boston.com News your connection to The Boston Globe
EDWARD HUDGINS

Still a voice of reason

SHE WAS born on Feb. 2, 1905, in Russia. At the age of 9 she decided she wanted to be a writer. As a teenager she lived through the horrors of the communist revolution, and at age 21 she made her way to the United States. She learned English and became a best-selling author; her books still sell hundreds of thousands of copies a year and in 1991, nearly a decade after her death, a Library of Congress survey found that her magnum opus, ''Atlas Shrugged," was the most influential book in the country after the Bible.

A century after her birth, Rand's legacy lives on not only in her novels -- ''The Fountainhead" (1943), ''Anthem" (1938), ''We the Living" (1936), and ''Atlas Shrugged" (1957) -- but also in political and cultural ideas that are changing the country.

Rand is best known as a logical yet passionate advocate of individual liberty and laissez-faire capitalism who stands out from others because she was principally a novelist. In ''Atlas Shrugged," her heroes were businessmen and women, productive individuals whose achievements were responsible for the country's prosperity. This is in stark contrast to the usual portrayal of business executives as villains in books, movies, TV shows, sermons and political pronouncements. Rand didn't simply explain her perspective; her stories showed us her characters' love for their work; it was exciting to read about how they strove with zeal, using their minds, independent judgment, integrity, and strength to produce railroads, oil wells, and steel mills.

Rand's plots taught economic lessons better than do most college textbooks, showing exactly how one government regulation after another can punish productive individuals and destroy a country. Even more important, in her novels and her nonfiction works she developed a philosophy -- Objectivism -- that provided a moral defense of free markets.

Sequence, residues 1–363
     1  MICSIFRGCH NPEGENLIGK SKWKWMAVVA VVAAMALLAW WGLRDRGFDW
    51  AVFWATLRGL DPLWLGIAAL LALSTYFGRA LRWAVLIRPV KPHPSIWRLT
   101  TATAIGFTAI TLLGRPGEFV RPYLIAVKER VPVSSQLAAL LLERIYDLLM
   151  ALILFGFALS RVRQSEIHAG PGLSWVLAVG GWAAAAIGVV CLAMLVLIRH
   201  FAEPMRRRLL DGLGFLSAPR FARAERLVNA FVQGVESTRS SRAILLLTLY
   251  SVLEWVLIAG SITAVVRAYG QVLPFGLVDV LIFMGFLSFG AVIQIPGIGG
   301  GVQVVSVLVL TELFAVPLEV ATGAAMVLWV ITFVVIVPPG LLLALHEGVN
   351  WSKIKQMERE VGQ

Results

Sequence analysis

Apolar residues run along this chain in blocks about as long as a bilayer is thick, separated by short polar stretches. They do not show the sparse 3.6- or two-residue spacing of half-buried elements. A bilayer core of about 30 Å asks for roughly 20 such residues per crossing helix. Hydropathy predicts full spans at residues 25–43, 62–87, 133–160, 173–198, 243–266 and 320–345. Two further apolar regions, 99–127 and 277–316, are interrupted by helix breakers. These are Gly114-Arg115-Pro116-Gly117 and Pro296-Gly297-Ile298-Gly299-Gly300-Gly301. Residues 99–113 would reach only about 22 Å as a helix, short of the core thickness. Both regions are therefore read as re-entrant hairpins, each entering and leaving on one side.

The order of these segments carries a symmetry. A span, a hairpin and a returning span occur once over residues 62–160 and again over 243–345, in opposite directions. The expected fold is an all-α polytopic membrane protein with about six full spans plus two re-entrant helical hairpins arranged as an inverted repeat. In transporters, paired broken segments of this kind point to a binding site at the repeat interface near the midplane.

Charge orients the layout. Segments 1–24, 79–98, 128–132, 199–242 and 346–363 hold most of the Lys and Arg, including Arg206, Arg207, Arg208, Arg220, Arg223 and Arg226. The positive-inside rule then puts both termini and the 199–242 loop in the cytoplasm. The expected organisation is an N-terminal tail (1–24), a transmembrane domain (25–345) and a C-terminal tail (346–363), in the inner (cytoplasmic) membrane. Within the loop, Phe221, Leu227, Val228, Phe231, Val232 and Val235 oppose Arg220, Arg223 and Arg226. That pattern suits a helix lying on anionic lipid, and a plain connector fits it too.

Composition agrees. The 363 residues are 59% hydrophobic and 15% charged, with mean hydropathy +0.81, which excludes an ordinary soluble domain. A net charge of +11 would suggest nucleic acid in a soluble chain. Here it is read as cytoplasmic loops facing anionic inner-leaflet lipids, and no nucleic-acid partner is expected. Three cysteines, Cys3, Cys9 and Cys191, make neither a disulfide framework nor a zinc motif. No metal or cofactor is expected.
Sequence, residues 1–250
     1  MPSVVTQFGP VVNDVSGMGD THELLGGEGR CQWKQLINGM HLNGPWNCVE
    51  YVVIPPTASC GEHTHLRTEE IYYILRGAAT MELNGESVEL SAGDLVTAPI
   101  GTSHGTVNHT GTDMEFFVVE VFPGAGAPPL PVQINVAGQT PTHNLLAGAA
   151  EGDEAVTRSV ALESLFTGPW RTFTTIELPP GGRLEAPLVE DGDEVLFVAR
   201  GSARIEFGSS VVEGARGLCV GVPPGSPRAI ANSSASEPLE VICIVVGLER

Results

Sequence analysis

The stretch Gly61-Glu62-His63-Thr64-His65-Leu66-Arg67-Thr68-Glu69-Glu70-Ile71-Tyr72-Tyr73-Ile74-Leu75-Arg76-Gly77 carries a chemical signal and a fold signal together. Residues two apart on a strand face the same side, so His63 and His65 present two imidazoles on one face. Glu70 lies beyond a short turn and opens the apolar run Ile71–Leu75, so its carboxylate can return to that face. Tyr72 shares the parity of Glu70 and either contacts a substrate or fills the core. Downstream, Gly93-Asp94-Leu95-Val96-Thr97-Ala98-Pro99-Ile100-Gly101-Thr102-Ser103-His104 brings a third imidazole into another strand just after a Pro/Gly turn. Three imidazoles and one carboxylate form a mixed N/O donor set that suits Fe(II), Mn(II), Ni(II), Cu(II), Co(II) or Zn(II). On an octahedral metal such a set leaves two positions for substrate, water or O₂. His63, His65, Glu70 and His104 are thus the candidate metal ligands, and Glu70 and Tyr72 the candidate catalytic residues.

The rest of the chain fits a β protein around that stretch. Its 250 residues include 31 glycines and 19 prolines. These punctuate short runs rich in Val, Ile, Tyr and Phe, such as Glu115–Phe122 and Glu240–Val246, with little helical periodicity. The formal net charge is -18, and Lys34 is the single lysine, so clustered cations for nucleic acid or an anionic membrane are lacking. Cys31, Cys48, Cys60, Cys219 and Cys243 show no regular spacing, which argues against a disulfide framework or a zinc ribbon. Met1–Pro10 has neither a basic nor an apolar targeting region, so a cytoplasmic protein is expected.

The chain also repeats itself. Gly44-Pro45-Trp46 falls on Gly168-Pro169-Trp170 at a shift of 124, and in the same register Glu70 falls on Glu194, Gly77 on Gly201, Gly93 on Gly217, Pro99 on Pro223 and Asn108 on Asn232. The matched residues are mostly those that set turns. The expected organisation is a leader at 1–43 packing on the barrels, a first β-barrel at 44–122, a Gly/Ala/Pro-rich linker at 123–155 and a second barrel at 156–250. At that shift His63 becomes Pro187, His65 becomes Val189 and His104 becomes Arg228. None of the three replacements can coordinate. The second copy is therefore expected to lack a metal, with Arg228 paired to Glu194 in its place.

Rand began with the observation that since the ultimate alternative for human beings is life or death, the ultimate moral goal for each individual is survival. That might not seem so radical, but Rand went on to observe that because we are humans, the goal is not just physical survival; it is a happy, joyous, and flourishing life. Further, the means by which we discover how to achieve this goal is our unique rational capacity, not instincts, feelings or faith. Thinking allows us to produce food, clothing, shelter, medicine, printing presses, computers, rockets, and theories to explain everything from atoms to galaxies.

Rand developed an ethos of rational self-interest, but this ''virtue of selfishness" was not an antisocial creed for predators. Instead, it led Rand to her great insight that there is no conflict of interest between honest, rational individuals.

Since individuals are ends in themselves, no one in society should initiate the use of force or fraud against others. All relationships should be based on mutual consent. This became the credo of the modern libertarian movement, found today in think tanks, publications, and public policy proposals.

True individualists would not debase themselves by living the life of a thief, whether robbing a store with a gun or their fellow citizens with a government mandate or wealth-redistribution scheme. Rather, they would take pride in taking responsibility for their own lives, actions and moral character. Rand wrote, ''As man is a being of self-made wealth, so he is a being of self-made soul."

Thus an ethos of rational self-interest justifies and supports individual liberty; a free market -- not a communist, socialist, fascist, or welfare-state system -- is the only one that protects the rights of each individual. Entrepreneurs, workers, professionals, and all others need not justify their quest for the highest wages or profits or to seek permission from ''society" or their neighbors; they are free to live their lives as they please as long as they respect the similar freedom of others.

The result of such self-interest is a peaceful, prosperous society of achievers. Such a society would be a joy to live. Not only would we each benefit materially from the goods and services we purchase from others, we would obtain spiritual fuel from their inspiring examples. As one of Rand's characters states, ''Don't work for my happiness, my brothers -- show me yours . . . show me your achievement -- and the knowledge will give me courage for mind."

Among Rand's admirers today are Federal Reserve chairman Alan Greenspan, who was her close friend, Supreme Court Justice Clarence Thomas, members of Congress, governors, entrepreneurs, scholars, and many proud individuals, in the United States and around the world.

At the centenary of her birth, Rand's voice of reason offers an antidote for our polarized and overly politicized country and our world threatened by irrational fanaticism and force; it promises a future in which all individuals can realize the best within them.

Edward Hudgins is the executive director of the Objectivist Center. 

SEARCH GLOBE ARCHIVES
   
Today (free)
Yesterday (free)
Past 30 days
Last 12 months